Excerpt from The Story of Liberty
To the Boys and Girls of America:
This "Story of Liberty" is a true narrative. It covers a period of five hundred years, and is an outline of the march of the human race from Slavery to Freedom.
There are some points in this book to which I desire to direct your attention. You will notice that the events which have given direction to the course of history have not always been great battles, for very few of die many conflicts of arms have had any determining force; but it will be seen that insignificant events have been not unfrcqucntly followed by momentous results. You will see that everything of the present, be it good or kid, may be traced to something in the past; that history is a chain of events. You will also notice that history is like a drama, and that there arc but a few principal actors. How few there have been!
The first to appear in this "Story" is King John of England. Out of his signing his name to the Magna Charta have come tho Parliament of Great Britain and the Congress of the United States, and representative governments everywhere. Tho next actors were John Wicklif and Geoffrey Chaucer, who sowed seed that is now ripening in individual liberty. Then came Henry VII., Henry VIII., Katherine of Aragon, Anne Bolevn, Katherine's daughter (Mary Tudor), Cardinal Wolsey, Archbishop Cran-iner, Anne Boleyn's daughter (Elizabeth), King James, John Smith, John Robinson, William Brewster, and the men and women of Austerfield and Scrooby.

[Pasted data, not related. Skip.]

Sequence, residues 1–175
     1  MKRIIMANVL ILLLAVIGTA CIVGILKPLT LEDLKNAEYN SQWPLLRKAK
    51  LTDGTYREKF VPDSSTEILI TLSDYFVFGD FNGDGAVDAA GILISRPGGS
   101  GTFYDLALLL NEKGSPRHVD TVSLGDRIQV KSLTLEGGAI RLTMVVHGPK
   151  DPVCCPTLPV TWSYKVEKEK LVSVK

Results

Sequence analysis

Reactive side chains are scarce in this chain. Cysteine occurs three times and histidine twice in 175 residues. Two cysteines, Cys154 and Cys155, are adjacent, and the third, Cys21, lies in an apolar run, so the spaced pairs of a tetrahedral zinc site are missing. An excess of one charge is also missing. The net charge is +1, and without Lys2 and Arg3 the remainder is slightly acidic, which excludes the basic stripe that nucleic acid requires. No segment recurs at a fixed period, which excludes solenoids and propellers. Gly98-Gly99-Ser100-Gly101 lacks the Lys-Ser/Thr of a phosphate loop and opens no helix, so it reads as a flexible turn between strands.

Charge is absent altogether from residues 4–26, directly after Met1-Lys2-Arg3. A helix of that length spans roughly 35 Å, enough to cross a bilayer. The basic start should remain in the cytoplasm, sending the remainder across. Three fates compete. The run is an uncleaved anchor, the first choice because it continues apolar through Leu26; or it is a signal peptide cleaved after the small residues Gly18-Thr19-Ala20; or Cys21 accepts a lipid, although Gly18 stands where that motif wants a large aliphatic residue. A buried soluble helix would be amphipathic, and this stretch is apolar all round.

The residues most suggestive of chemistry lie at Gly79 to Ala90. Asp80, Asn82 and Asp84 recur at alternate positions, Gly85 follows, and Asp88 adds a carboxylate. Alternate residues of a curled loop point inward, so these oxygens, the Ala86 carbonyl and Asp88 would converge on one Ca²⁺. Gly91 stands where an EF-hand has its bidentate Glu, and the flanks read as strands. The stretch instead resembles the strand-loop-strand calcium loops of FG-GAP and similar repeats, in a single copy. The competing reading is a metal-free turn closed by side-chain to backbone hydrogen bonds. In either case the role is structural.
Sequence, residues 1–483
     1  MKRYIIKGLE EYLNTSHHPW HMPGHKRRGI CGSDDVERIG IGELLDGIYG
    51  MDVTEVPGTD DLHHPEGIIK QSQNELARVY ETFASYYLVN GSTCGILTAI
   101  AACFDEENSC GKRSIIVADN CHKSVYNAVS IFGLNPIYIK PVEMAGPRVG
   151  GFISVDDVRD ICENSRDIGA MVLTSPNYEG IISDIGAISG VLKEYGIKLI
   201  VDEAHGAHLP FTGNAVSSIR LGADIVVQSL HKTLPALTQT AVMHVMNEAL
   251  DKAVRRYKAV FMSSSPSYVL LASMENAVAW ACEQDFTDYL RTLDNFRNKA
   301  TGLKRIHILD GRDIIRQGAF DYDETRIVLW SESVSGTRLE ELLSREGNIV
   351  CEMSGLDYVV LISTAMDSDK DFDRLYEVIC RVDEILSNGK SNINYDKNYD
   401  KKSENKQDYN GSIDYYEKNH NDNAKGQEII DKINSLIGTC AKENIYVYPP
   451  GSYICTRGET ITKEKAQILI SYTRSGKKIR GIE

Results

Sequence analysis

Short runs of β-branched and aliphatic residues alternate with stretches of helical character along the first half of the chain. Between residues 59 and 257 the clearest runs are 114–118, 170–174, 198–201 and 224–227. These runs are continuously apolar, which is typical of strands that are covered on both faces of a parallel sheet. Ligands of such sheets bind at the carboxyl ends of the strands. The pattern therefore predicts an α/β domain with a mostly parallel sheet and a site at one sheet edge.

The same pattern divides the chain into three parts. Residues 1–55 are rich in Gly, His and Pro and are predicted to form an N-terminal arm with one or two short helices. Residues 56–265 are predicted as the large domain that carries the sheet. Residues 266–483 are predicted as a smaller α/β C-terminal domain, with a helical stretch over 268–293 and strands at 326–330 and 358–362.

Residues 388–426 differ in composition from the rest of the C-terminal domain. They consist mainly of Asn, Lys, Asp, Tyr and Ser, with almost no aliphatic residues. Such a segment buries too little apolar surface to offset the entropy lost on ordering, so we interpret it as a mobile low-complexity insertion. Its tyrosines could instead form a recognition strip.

In Scotland were Mary Stuart and George Buchanan ; in Bohemia, Professor Faulfash and John Hass; in Germany, the boy who sung for his breakfast (Martin Luther), Duke Frederick, John Tetzel, and John Guttenberg; in Holland, Laurence Coster, Doctor Erasmus, and William
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